March 22 (Bloomberg) -- A nursing shortage in the U.S. that led to a decade-long push for new hires and more graduates in the field is over, at least until 2020 when a glut of retirees will leave a new gap to fill, researchers said.
The number of full-time nurses grew by about 386,000 from 2005 to 2010 and about a third of the growth occurred as unemployment rose to a high of 10 percent during that period, according to a report published in the New England Journal of Medicine.
The increase in the nursing workforce from 2005 to 2010 was the largest of any five-year period during the last 40 years, the authors said. Hospitals began experiencing a shortage of nurses in 1998, according to the American Hospital Association in 2002.
“It’s really been a long-standing shortage,” Douglas Staiger, the study author and a professor of economics at Dartmouth College in Hanover, New Hampshire, said in a March 19 telephone interview. “Probably for the first time in memory there were actually reports of nurses having difficulty finding jobs and reports from hospitals of almost a glut of nurses.”
In the early part of this century, many registered nurses were leaving the profession saying they were overworked, underpaid and unable to provide good patient care, according to a 2002 report in the New England Journal of Medicine. Hospitals responded by encouraging people to become nurses by offering more benefits, signing bonuses, scholarships and tuition reimbursement.
Those efforts paid off as the number of people who graduated from entry-level baccalaureate nursing programs more than doubled to 161,540 in 2010 from 72,986 in 2000, according to the American Association of Colleges of Nursing based in Washington.
The gains continued unabated even as the recession began in 2007 as nurses who had left the work force or were employed part-time returned to full-time work to shore up family finances, said Staiger.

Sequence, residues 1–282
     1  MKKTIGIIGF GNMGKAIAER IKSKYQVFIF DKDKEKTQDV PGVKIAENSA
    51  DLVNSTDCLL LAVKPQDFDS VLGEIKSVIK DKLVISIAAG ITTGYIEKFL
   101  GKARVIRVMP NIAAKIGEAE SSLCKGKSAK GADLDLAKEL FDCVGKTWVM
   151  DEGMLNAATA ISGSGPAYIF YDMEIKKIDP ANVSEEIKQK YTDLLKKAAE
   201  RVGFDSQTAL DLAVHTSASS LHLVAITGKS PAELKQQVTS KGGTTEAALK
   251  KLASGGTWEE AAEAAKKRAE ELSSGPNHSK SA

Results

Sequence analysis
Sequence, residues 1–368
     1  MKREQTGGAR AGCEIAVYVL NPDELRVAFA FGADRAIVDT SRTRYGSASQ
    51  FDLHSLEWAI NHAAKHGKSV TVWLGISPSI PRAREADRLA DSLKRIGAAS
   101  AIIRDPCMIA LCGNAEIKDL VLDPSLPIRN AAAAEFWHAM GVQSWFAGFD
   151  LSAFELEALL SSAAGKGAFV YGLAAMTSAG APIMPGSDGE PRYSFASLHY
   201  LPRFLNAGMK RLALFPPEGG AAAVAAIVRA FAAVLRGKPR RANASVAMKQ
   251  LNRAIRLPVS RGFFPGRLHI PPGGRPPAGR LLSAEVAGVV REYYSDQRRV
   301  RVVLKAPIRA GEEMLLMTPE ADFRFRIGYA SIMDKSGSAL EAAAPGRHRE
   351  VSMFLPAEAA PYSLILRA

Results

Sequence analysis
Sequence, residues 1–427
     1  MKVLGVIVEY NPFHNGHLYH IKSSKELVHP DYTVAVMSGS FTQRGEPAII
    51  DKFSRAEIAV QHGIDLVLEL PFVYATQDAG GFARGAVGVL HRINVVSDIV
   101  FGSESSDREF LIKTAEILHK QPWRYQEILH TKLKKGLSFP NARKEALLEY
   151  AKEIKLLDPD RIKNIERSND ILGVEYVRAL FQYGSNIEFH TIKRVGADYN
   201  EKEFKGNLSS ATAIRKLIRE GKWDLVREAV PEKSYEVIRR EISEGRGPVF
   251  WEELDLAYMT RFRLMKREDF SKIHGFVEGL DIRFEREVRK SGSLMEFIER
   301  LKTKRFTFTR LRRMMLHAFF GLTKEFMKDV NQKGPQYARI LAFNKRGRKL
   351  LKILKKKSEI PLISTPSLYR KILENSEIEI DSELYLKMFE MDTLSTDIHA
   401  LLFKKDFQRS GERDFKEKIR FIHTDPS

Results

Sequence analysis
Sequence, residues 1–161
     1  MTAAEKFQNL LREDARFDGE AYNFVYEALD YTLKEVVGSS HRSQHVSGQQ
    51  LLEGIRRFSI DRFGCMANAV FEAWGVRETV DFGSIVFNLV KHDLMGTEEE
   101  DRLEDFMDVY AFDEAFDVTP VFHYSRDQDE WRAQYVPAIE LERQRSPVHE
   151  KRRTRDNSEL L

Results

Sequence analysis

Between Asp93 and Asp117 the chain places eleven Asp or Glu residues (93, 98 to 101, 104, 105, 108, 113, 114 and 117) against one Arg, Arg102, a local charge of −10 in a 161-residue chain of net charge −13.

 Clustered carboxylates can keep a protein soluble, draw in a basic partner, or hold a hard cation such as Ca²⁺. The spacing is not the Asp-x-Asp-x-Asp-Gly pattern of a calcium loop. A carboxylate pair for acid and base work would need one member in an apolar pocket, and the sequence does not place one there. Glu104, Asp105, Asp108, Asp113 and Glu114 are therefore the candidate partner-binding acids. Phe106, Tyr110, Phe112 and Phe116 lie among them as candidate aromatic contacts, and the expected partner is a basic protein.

As the economy improves, and the mostly married, female workforce quits, reduces working hours to part time or reaches retirement age, a shortage of nurses is expected again. The renewed need for nurses will hit just as demand for health care increases as more Americans gain medical insurance under provisions of the U.S. health-care law that goes into effect in 2014, Staiger said.
“We had suspected that the supply of nurses is counter cyclical, when the economy goes down, nurses work more, pile back into work in part because the jobs are there,” he said. “The concern was this was a temporary surge into the labor market, a bubble, and as soon as the economy recovered, a lot of nurses would exit and we would be back and the shortage would emerge.
“Going ahead into 2020 and beyond, there are concerns that the kind of shortages we’ve had will be larger than what we’ve seen,” Staiger said.
The nursing workforce is now expected to grow about 109,000 full-time positions from 2010 to 2015, as the economy improves and by 227,000 if the economic downturn persists, the authors said.
The authors used data from a workforce model to compare the U.S. unemployment rate with the difference between the actual size of the nurse workforce and the model’s expected size over 40 years. They were then able to project what effect the recession had on the workforce in 2005 and 2010 and what effects an improving economy would have beyond 2010.
Changing Job Market
They found that from 2010 and 2015, 118,000 nurses will stop working full time as the economy grows.
“The nursing shortage is likely to re-emerge and nursing is going to continue to be a good occupation choice for young people,” Staiger said.
The current median age of nurses is 46 years, while the largest group is in their 50s, according American Association of Colleges of Nursing.
Polly Bednash, chief executive officer of the group, said she’s worried the report will lead policy makers to think they don’t need to invest in the nursing field.
“We need to put all the support we can into keeping the pipeline robust,” she said in a March 19 telephone interview.
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